Web 1 and 2: Ethical
Issues for Government Officials
The purpose of all government communication is to encourage an
"engaged citizenry." How can new communications technologies
be used most effectively to accomplish this? Currently, the debate
is over Facebook, Twitter, blogs, and e-newsletters, but the particular
medium will change over time. We must develop principles that
can guide us on whatever platform develops in the future.
As a first principle in government ethics, all people are supposed
to have equal access to the ear of government officials. New media
can improve the access of citizens to their representatives by
increasing the number and variety of channels of communication.
However, these media can also restrict access or favor certain
- Can a government official use Facebook as a way to discuss
public issues? If so, can he or she limit access to the page in
any way? Doesn't that interfere with open communications? If the
Facebook page is personal, must the official confine all comments
to personal rather than public matters? How much control does
the Facebook user have over what others post on his or her wall?
- Should the city council permit the use of devices such as Blackberries,
IPhones, or laptops during meetings? Practices vary, but some
councils and boards require members and audience to turn off their
devices. Do private texting, tweeting, etc. distract officials
from the business at hand? Would private communications such as
these be allowed in person, with individuals approaching the dais
to speak with members during the meeting? A problem in permitting
such activity electronically is the public perception that some
individuals may have special access to officials during deliberations.
Also, those officials with devices may have access to information
(e.g. Google maps during a zoning debate) that other officials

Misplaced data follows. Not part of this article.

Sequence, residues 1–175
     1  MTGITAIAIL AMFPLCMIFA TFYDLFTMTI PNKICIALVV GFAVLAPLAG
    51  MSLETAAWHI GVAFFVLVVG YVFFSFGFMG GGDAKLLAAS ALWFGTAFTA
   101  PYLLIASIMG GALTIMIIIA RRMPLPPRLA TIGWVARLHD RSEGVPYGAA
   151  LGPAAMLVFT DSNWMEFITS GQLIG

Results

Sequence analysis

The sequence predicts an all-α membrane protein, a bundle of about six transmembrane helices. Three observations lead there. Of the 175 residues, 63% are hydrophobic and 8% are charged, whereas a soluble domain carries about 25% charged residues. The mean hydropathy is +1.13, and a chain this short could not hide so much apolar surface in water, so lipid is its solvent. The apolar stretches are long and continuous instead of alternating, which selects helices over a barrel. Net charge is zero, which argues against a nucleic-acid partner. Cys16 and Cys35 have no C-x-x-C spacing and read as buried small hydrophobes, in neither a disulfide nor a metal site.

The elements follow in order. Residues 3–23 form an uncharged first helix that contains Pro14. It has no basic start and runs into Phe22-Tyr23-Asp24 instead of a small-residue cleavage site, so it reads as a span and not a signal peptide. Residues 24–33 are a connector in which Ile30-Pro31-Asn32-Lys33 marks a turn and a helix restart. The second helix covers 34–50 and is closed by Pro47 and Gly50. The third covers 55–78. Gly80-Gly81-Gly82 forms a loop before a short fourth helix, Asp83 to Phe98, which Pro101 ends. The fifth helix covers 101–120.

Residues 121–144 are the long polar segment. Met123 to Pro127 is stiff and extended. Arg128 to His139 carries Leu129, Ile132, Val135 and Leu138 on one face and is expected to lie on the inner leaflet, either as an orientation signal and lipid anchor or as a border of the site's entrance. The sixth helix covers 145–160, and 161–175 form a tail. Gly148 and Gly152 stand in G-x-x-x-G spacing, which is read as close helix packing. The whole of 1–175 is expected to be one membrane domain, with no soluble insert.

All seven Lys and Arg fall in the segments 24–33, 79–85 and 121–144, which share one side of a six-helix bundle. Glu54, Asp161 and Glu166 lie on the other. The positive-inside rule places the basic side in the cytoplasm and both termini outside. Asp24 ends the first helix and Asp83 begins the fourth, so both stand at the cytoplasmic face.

do not have.
Transparency-the ability of citizens to see what their government
is doing-promotes accountability. To ensure transparency, all
states have regulations requiring open meetings (the Brown Act
in California) and free access to government records. New technologies
can increase transparency-Webcasts of council or board meetings,
regular e-newsletters for constituents, online dialogue on current
issues before council. Technology can also provide the vehicle
for "secret" communications or meetings.
- Open Meetings: If a quorum of councilmembers comment
on an issue on someone's Facebook page or other social network,
this may violate open meeting laws, which prohibit private meetings
on public business outside of council chambers. Also, social media
are easy to misuse for "daisy chaining," the practice
whereby members try to create consensus in advance of a public
decision by making a series of contacts to individuals. Daisy
chaining constitutes a meeting under many open meeting laws. This
may be inadvertent on Facebook or in the comments on a blog, if
council members serially leave comments on an issue that is before
- Open Records: By law, government records are public.
Can a member direct emails about City business to his or her private
email? How do you police this? Do private e-mails sent during
a public meeting (eg, a text message to remind children to do
their homework) become part of the public record? Are blogs or